I intend to remain blissfully optimistic about this team for as long reasonably possible.

Keith Talent - Wednesday, April 13 2005 @ 06:58 PM EDT (#111284) #
But what's so great about April baseball is you just never know if it's the real thing or not. Remember KC Royals a handful of years ago, that hot start pushed them into playoff contention. Everyone was equally surprised by the Minnesota Twins in 2002 and that started a dynasty in the Central. The Braves shocked everyone in 1991, they've won every division title since. The year before that, 1990, the Cincinatti Reds rode a hot start to a World Series title.

So, I'm enjoying this; and, you never know...
Nolan - Wednesday, April 13 2005 @ 07:02 PM EDT (#111285) #
Hey! I'm an action nerd, thank you very much!

My heart skipped a beat for a second when I read this. Could it be possible that I just read a Eddie Izzard quote on a Jays site?

Besides, I think some of would also be executive nerds...

VBF - Wednesday, April 13 2005 @ 07:10 PM EDT (#111287) #
But what's so great about April baseball is you just never know if it's the real thing or not. Remember KC Royals a handful of years ago, that hot start pushed them into playoff contention. Everyone was equally surprised by the Minnesota Twins in 2002 and that started a dynasty in the Central. The Braves shocked everyone in 1991, they've won every division title since. The year before that, 1990, the Cincinatti Reds rode a hot start to a World Series title.

Yes. Despite reality telling me that baseball is a game of cheques and balances and that the Jays will even out at some point, I'd like to believe that this is the season where everyone expects us to fall at some point, yet we fail to.

The offence may experience peaks and valleys but pitching and defence will be a mainstay, something that we really haven't had for a while. If the offence goes through a slump, the pitching is there to win those 2-1, 10 inning barnburners.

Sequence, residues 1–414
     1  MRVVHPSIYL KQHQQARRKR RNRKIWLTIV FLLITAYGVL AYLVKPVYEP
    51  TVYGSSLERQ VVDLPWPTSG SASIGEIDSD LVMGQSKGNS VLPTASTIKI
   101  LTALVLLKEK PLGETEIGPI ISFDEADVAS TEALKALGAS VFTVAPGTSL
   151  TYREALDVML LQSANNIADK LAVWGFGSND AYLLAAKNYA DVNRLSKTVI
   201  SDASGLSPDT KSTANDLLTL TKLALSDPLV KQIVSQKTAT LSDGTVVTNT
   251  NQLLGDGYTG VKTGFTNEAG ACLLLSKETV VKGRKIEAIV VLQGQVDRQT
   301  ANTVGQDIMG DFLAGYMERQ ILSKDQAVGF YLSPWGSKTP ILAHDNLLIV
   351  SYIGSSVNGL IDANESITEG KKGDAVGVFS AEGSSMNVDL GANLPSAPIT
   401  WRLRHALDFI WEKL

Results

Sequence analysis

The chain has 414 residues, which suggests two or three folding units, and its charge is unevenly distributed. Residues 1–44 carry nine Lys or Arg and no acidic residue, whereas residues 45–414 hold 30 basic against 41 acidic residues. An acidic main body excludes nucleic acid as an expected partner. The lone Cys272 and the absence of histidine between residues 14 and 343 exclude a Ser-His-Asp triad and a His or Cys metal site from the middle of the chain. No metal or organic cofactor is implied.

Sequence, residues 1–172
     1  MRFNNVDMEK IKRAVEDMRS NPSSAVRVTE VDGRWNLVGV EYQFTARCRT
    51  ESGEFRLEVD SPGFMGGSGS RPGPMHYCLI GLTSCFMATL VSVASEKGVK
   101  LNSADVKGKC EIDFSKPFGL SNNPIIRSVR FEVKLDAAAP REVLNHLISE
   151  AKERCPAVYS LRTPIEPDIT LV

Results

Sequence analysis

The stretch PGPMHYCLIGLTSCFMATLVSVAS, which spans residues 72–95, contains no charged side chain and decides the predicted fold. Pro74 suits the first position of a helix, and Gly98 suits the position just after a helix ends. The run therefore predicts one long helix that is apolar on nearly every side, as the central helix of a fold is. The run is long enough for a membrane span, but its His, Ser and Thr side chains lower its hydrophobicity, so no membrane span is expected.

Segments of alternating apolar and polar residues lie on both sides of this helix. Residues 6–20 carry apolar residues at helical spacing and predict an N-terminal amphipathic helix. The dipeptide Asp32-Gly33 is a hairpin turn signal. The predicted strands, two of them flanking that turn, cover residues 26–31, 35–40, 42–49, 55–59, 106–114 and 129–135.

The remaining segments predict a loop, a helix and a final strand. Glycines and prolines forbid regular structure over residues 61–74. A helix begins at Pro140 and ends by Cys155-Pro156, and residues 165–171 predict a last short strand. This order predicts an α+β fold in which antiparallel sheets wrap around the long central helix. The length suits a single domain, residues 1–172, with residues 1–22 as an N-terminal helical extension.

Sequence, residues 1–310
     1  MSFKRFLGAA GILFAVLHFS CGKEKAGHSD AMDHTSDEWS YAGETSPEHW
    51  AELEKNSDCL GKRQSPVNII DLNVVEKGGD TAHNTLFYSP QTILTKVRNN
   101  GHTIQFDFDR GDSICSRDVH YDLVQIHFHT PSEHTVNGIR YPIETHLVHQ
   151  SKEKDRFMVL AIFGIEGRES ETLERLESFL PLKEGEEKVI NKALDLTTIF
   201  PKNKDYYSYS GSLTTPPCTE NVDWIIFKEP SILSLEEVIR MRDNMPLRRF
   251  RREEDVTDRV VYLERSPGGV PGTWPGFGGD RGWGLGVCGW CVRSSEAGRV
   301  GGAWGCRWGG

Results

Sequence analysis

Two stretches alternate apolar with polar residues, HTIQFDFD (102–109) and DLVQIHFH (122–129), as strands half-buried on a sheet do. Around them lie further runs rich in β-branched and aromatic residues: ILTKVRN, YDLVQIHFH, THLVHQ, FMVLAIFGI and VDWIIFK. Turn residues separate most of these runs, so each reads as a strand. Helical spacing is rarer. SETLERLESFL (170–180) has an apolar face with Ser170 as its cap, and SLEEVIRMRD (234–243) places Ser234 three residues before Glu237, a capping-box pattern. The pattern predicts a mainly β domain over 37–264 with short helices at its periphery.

Magpie - Wednesday, April 13 2005 @ 08:25 PM EDT (#111300) #
baseball is a game of cheques and balances LOL. In New York, anyway.
Dave Till - Wednesday, April 13 2005 @ 08:38 PM EDT (#111304) #

I think it was Dave Till who said it last: You're never as good as you look during a winning streak or as bad as you look during a slump.

Not sure whether it was me who said it, but I'll gladly take the credit. :-)

I'm not sure what to make of this team yet. I think that the starting pitching has been a bit flukey: opposing hitters seem to have hit a lot of balls right at people. I also don't think that some of the hitters are going to keep this up; how could they?

But there are indicators that the team has genuinely improved. One, of course, is Hinske; he has made an adjustment, and the league hasn't caught up yet. The other important point, IMHO, is that the team has a lot fewer weaknesses than last year.

The offense doesn't have any significant holes. The weakest hitter is probably Adams, and he's making a contribution (i.e., he's better than Woody or Gomez). The guys off to the slowest starts are the ones likely to be the most consistent at season's end (Hudson, Wells, Koskie).

The team defense is rock-solid this year; I can't think of anybody who is a below-average defender out there except possibly Cat, and Sparky substitutes for him when a glove is needed.

And, while the bullpen is likely to be shaky at times, there isn't any roster filler in there. And the starters have been good so far, except for Bush. (Aside: What has Josh Towers been eating for breakfast? Since when did he start striking out a man an inning?)

I still agree that it's too early to tell. But it's better to be 6-2 than 2-6, for sure. And success tends to breed more success, as players get more confident and opponents start to treat the Jays with more respect.

Useless Tyler - Wednesday, April 13 2005 @ 09:42 PM EDT (#111323) #
Looks like I'll be the only one who can say I never doubted the team when they win the pennant this year.

I mean, come on, at least back up arguments with some sort of fact - just saying "they're a bad team" could've applied to any of the cinderella teams of the past few years. Really though, if you're basing it solely on past performance, then that's flawed right there - there's no reason to think Hinske can't pull off a fine season, or that Halladay can bounce back, or that Chacin can be the next big thing, or that Batista can shut down hitters, because all sports are deliciously unpredictable in that fashion.

And yes, I am a blind optimist when it comes to the Jays, and damn proud of it. Go ahead and take this diatribe to quote profusely if they die down by mid-season, but I'll be happier as a fan to know that I had irrational faith than to smugly congratulate myself on predicting the collapse of the team I grew up with.

That sounded more self-righteous than it was supposed to, and sorry for that - but as a sidenote, regardless of how this Jays streak ends, come out to the Cheer Club for at least 2 hours and 40 minutes worth of similar blind optimism during each game - it's quite euphoric. Then you can all share my joy. :-)